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[whitespace] Blackouts roll through area, but don't cause big trouble

Willow Glen--Willow Glen businesses, homes and schools took their turn in the dark Thursday as rolling blackouts darkened parts of Willow Glen.

Power went out in the northern areas of Willow Glen on Jan. 17, for about 90 minutes beginning at noon, and later in the day was turned off again in the southern areas on Jan. 18, for over an hour beginning at about 10 a.m.

A PG&E spokesman said he was not able to confirm the details.

Police and fire officials said there were no accidents or emergencies in the Willow Glen area, and few elsewhere, related to the outage, although nonfunctioning traffic signals slowed traffic.

"People have been pretty good about treating them as 4-way stops," police spokesman Officer Rubens Dalaison said.

He did add that the outage caused some building alarms to go off, but otherwise, "nothing major."

Fire spokesman Capt. Mike Mooney said the only incident near Willow Glen was a power outage in the Cambrian area that was not caused by the blackouts.

On Jan. 18, a 15-year-old boy climbed a PG&E power tower that houses the 100,000-volt main transmission lines for the San Jose area.

Police negotiators talked the distraught boy, who was not suicidal, into getting into a rescue basket, but PG&E had to turn off power in the tower for about 25 minutes so the boy wouldn't be electrocuted, Mooney said.

Students at St. Christopher's Elementary School on the corner of Booksin and Curtner avenues were playing outside when their classrooms and computer screens went dark last Thursday morning. But Principal Arlene Ernst said teachers relied on sunlight and modified their lesson plans to keep the classes in session.

"The teachers have stayed calm and that makes the kids stay calm," she said. "Instead, they're saying it's an adventure. We can still learn without light."

Ernst's staff was pulling out flashlights and extra batteries and tuning into news radio programs as an ABC television news van pulled up in front of the school, where the dark intersection stoplight slowed traffic.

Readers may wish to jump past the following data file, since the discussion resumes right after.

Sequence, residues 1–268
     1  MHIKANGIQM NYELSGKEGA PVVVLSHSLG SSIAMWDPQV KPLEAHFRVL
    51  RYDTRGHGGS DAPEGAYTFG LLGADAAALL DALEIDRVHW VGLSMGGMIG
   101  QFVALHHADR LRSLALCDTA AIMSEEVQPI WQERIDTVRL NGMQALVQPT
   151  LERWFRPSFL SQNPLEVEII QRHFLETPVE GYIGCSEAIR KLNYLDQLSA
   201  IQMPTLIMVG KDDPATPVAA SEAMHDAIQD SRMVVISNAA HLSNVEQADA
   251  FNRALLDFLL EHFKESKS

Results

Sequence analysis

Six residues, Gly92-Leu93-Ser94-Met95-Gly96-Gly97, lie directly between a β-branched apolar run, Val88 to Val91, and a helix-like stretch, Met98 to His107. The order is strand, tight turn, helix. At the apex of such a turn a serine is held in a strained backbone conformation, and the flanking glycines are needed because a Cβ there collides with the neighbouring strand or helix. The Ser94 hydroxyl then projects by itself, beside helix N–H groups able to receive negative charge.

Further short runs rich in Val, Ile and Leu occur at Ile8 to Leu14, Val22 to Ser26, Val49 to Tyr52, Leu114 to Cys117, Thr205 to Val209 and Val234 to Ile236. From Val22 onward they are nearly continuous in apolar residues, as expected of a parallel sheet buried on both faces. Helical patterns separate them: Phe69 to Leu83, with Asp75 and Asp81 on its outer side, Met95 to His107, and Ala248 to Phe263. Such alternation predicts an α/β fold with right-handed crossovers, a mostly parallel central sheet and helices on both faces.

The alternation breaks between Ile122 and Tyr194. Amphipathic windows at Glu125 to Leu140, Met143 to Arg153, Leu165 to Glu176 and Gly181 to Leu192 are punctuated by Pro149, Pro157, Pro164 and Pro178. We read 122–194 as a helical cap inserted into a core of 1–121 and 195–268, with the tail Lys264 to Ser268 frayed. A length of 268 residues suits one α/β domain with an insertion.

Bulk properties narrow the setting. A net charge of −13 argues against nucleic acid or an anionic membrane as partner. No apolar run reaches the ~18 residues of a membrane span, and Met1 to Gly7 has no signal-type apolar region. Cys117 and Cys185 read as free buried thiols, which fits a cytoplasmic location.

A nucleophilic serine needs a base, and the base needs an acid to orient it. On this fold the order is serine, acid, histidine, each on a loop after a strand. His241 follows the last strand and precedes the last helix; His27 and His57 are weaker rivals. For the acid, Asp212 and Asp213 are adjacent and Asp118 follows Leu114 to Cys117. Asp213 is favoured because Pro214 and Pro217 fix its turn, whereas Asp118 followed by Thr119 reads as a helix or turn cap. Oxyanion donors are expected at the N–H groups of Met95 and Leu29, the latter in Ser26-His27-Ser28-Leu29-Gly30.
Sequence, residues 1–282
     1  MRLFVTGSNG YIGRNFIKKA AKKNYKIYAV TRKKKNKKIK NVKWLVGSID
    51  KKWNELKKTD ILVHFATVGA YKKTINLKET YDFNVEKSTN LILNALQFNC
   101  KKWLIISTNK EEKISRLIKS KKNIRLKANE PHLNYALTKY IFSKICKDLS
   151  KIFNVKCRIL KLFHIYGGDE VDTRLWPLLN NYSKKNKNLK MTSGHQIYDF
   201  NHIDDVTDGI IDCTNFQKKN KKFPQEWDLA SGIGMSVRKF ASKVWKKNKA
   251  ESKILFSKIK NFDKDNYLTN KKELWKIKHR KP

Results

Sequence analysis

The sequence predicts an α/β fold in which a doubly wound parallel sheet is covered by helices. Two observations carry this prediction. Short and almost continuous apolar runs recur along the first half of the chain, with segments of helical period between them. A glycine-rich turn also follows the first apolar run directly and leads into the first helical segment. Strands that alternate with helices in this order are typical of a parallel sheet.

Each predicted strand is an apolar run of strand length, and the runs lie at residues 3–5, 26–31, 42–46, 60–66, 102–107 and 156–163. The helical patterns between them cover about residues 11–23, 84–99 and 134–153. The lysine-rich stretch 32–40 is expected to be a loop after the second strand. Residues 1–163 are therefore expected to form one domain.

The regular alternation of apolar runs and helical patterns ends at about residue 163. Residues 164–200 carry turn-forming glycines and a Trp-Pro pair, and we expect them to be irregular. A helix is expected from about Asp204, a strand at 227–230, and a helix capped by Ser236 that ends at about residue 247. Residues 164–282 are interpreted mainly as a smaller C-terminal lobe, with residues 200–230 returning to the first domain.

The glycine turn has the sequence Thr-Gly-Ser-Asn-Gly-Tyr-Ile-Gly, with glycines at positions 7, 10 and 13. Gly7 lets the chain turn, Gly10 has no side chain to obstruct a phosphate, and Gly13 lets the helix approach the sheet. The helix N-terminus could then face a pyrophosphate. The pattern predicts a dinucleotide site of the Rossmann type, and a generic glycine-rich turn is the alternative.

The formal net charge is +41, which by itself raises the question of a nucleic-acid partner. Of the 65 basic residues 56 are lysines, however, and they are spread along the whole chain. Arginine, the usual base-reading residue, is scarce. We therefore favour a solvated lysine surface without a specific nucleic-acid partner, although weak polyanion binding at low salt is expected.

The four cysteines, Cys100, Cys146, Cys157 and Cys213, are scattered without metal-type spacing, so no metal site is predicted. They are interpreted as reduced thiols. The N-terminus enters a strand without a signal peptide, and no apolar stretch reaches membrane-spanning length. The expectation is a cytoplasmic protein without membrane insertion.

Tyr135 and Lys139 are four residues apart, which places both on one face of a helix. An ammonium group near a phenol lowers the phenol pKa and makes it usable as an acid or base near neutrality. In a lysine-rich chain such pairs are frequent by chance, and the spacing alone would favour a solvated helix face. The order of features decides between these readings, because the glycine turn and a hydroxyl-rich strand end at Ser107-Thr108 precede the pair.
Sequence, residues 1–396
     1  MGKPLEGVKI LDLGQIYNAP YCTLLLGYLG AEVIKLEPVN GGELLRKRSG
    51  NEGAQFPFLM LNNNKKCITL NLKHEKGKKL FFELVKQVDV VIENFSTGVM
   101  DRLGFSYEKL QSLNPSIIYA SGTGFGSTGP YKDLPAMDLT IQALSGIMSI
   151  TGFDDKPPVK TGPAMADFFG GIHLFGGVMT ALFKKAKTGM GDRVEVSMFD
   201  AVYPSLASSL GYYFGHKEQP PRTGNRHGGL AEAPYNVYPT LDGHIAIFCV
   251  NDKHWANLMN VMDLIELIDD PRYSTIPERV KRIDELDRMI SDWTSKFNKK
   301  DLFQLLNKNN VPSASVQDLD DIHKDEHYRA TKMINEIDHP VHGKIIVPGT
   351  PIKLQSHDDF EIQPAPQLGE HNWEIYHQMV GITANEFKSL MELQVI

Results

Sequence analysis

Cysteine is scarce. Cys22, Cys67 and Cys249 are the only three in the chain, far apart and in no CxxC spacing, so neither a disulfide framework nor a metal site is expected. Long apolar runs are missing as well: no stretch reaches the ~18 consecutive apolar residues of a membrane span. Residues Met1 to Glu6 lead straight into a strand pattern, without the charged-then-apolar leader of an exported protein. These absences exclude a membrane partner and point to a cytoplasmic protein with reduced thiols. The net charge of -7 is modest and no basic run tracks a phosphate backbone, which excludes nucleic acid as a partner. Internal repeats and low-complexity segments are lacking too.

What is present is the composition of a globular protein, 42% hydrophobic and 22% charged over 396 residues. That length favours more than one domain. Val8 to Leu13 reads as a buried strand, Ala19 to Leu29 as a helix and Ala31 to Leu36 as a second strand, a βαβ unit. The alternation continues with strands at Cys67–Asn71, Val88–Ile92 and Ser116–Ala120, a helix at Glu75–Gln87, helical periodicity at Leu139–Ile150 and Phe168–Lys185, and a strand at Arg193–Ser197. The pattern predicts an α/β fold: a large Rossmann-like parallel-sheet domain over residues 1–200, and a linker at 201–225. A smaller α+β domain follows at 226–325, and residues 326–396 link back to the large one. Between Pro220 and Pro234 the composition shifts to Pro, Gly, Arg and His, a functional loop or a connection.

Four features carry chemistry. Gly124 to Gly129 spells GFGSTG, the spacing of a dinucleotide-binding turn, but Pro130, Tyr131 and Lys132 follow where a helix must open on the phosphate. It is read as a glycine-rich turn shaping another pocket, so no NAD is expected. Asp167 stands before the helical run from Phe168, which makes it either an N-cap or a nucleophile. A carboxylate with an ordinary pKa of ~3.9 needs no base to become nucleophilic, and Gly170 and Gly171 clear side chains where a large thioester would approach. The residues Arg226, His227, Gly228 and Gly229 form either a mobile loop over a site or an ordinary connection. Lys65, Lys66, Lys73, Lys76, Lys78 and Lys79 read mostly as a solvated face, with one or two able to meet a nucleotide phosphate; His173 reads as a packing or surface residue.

Willow Glen librarian June Hayashi was all ready with her flashlight out on her desk Jan. 18, but they had already been through one outage the day before, like Lincoln Avenue and most of Willow Glen.

Staff at the Willow Glen Library had been a little concerned about keeping track of students who come by after school, because areas of the building can get dark without electric light. But their outage on Jan. 17, was over before school ended, Hayashi said.

"We just had to turn off our computers for a couple of hours," she said. "But there are a lot of people who come in here to use the computers."

The next day the library staff was trying to do its part by only turning on the lights and computers they really needed. But, the library system's computer server was down.

"Now they come in and check out books," Hayashi laughed. Staff checked people's books out manually and then put the records into the computer when the power came back up, she said.

The timing of Wednesday's outage was a plus over at the Willows Senior Center on Lincoln Avenue near Curtner Avenue. The noon outage came just after their nutrition program staff had finished cooking lunch, the center's director, Jane Hemeon, said.

"We were just serving by then," she said.

Unfortunately, the day's popular Bingo game did have to be canceled, because without a microphone it can be difficult for the seniors in the crowded room to hear the letter-number combinations. But most of the classes were able to go on with the sunlight that came into the rooms, Hermeon said.

She also pointed out that her center stays open in the evenings when it is particularly hot or cold in the homes of its senior citizens, but there could be a problem if even they cannot get power.

"We need to keep them warm here," she said.

She added that the city's parks and recreation officials were looking for ways to provide warmth and electricity to seniors who may need it if the power outages continue.

Fire spokesman Mooney also pointed out that people, especially seniors, who rely on medical machinery, such as dialysis machines should have an alternate source of energy, as local agencies are not capable of providing power to everyone.

The staff over at Lincoln Avenue's Cafe Primavera was more concerned with how to keep their patrons' food orders warm. From server Jose Ibarra's perspective, the blackout came at the exact wrong time, coming in with the rest of the noon rush.

"People are here for a reason, and we couldn't do the job right," he said. "People are expecting us to be open for them when they need us. We did our best to try to serve them."

He said they provided service to their customers who were already seated, but they had to turn 20 to 25 people away and lost about $300 worth of business.

The staff had been all set to leave, and their chefs had even gone home, when the power came back up about 1:30 p.m. So, he said, they just served cold food until they closed at 2:30 p.m.

And Ibarra said he lost out on about $50 of tips, "which is half my tips. It was not fun."
Kate Carter

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